I Get Why People Want to Live in the Mountains

After crossing the border from Hong Kong to China and being held up for a few minutes because they somehow didn’t like that I spent a week in Egypt five years ago, we entered Shenzhen to catch a train to Yangshuo.

I haven’t really been a fan of bikes in the past years, not at all. But this trip might change my mind: We rented some bikes and took a seven-hour tour through Yangshuo. Our bikes had no gears shifts, which I missed a lot in the hilly areas. Sharing the streets with heaps of scooters, pedestrians, other bikes, vehicles I’ve never seen before, busses and a tiny amount of cars was a challenge at first. After an hour or so I felt safe in the chaotic traffic.

Yangshuo is surrounded by karst peaks – tiny steep mountains. At one point we took a whopping 800 steps in the heat of the day to get to up to the Moon Hill, arriving bathed in sweat like I’ve rarely ever been. The view was worth it though.

During our bike tour, we went to see a dripstone cave. The colorful lighting inside the Gold Water Cave made it feel more like a Disneyland queue than a naturally occurring phenomenon, but the hot spring water pools, as well as the large mud pool within the cave, entirely made up for this. I don’t believe my skin has changed from the time spent in the pool, but the feeling of the thick, heavy mud pushing you to the surface is an very special and uncommon one. A bit like extremely salty sea water, only more intense. And it wasn’t crowded at all – people mostly skipped the pools… probably because changing clothes in the steamy cave without getting mud all over your clothes and belongings was a bit cumbersome. No pictures though, only on the memory cards of the hoards of Chinese tourists taking photos of us playing in the mud.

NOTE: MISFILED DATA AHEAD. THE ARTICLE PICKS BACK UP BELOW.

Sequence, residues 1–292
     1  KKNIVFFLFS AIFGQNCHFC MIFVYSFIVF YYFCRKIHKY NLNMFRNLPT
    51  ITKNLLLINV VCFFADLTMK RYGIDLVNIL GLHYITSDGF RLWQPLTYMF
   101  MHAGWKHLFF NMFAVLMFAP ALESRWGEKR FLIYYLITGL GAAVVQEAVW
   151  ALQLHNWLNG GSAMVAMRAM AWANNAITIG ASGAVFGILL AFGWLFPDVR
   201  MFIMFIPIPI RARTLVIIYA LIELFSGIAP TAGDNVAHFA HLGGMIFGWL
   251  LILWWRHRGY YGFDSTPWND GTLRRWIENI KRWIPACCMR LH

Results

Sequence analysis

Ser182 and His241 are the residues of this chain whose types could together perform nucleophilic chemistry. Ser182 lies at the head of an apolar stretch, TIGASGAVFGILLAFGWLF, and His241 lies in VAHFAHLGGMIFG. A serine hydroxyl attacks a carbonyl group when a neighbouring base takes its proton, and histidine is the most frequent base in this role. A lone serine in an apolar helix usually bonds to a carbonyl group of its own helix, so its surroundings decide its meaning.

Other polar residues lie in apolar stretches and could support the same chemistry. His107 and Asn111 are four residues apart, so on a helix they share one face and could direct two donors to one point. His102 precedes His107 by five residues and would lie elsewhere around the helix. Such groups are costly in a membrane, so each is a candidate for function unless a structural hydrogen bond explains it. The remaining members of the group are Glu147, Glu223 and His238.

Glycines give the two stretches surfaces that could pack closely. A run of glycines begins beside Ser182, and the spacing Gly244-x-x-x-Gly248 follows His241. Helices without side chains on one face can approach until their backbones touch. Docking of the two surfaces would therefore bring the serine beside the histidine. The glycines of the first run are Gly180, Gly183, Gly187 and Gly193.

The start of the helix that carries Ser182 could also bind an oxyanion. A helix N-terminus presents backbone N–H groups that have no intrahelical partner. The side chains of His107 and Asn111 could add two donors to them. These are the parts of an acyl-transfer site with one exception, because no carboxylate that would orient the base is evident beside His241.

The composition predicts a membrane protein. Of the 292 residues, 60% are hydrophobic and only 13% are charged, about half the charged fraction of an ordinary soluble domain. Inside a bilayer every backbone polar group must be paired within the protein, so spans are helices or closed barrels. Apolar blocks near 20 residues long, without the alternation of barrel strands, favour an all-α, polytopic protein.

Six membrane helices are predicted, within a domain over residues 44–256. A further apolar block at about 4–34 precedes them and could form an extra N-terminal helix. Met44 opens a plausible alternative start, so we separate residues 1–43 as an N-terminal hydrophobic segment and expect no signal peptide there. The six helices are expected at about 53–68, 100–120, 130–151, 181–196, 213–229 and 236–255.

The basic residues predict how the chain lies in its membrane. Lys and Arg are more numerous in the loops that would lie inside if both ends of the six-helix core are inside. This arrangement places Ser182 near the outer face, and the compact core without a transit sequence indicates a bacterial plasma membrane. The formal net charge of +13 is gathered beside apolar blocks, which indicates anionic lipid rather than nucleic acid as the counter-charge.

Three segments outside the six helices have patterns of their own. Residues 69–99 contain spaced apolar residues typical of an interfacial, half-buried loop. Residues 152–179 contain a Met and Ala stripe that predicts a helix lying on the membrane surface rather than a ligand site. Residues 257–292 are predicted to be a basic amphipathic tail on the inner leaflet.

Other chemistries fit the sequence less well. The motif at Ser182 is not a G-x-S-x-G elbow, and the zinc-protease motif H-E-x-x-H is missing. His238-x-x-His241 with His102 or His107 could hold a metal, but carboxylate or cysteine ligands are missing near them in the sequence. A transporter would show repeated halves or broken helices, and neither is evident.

We also had an authentic Chinese restaurant experience today: Walking into a restaurant, realizing that there’s no English menu or way to communicate with the waiter. Searching for another one with an English menu. Ordering something there, getting something you might or might not have ordered. And spending a long time figuring out which dish belongs to whom… But in the end, my weird long mushrooms I had mistaken for noodles were very good, so ✌️.

Oh, I also got a Chinese SIM card for my iPhone today. 40 GB with 4G speed for 98 Yuan per month, all prepaid. I could only dream of anything like this at home. It’s still a bit tricky to get past the Great Firewall, but it works most of the time.


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